In recent years, I was the Publisher and Executive Editor of Palacio Magazine, a digital multimedia platform featuring stories about Latinos and other people of color. As if I wasn’t busy enough, I was the Community Engagement Coordinator for VoiceWaves, a journalism and multimedia training program in Long Beach for youth 16-24 years old to produce media content to foster a healthier community. Between gigs, I was a Small Business Advisor at El Camino College Small Business Development Center in Hawthorne, advising emerging and established small businesses regarding website content and multimedia strategies.
When I stop and consider that I’ve been working since I was fifteen years old (selling magazine subscriptions, dry cleaners, motorcycle messenger, bartender, airport shuttle driver, Wall Street clerk) and that I am now seventy-four (and still kicking it), there is much to be proud of, including my time on the board of Directors for Leadership Long Beach and the Arts Council for Long Beach. My life partner and I co-founded the arts advocacy group, The Creativity Network, where we helped rewrite the city’s Cultural Master Plan with the Arts Council. The list of good work includes all the volunteer work on the east coast, for example publishing a book of poems by Connecticut-based Puerto Rican poets called Revista and being a part of the first incarnation of the National Latino Media Coalition (Thankfully, it went on to survive in more capable hands. Oops, there’s that negativity again) in Washington, D.C.
Trust me, the list of good work is even longer: doing community work in 1968 in the South Bronx with one of my first mentors, Evelina Antonetty, at United Bronx Parents during the New York Teacher’s strike (hey, got me arrested and I wear it like a badge of honor), guerrilla community television in Washington, D.C. in the days when people didn’t know anything about portable video, the late great National Puerto Rican advocacy organization La Causa Comun, the Booker T. Washington Foundation with a man who taught me so much, the late Charles Tate.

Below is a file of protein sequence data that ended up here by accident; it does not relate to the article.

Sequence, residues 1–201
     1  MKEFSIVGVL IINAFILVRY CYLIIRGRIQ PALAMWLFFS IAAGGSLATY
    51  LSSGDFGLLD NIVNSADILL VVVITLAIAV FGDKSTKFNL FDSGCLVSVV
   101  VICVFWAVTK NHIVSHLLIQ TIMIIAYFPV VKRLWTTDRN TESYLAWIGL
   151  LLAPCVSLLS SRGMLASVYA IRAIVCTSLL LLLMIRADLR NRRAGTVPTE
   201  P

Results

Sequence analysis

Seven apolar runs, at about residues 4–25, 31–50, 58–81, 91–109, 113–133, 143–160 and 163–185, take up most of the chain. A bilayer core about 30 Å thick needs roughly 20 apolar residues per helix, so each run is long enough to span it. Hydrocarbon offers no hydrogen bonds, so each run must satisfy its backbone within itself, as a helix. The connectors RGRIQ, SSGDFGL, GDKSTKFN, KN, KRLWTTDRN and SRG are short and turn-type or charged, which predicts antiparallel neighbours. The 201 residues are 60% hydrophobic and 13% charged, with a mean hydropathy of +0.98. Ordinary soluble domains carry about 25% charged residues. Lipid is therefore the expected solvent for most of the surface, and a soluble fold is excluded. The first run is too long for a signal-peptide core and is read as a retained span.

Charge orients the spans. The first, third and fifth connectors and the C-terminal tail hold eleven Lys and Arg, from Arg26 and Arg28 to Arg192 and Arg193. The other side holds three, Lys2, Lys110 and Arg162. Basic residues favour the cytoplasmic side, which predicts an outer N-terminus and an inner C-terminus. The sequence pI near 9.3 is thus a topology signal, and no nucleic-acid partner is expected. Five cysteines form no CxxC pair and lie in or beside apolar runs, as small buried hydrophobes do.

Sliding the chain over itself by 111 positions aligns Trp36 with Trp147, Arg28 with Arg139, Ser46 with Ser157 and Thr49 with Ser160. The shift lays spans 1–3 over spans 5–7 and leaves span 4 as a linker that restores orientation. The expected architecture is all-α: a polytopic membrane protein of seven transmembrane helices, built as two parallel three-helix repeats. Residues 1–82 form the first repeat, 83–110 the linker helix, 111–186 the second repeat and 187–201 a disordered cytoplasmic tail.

I’m writing about this not to inflate my ego but to recognize that despite all the misadventures in my life, I’ve done more good than bad. Life is full of ups and downs, but we can survive the heartaches if we just put our heads down and move forward with good people around us.
As I prepare to head into the last year of my eight-year college journey to a Bachelor of Arts degree from California State University, Long Beach, I take pride that at my age, I’m still kicking and wanting more from an already full life of good work. I will be seventy-five years old when I graduate, and I intend to go for a post-graduate degree because I haven’t been able to come up with a good reason why not. I plan to keep pushing because it’s who I am. As I often say, “Eat Life like you’re starving. You may feel full at the end of the day, but damn, it tasted good.”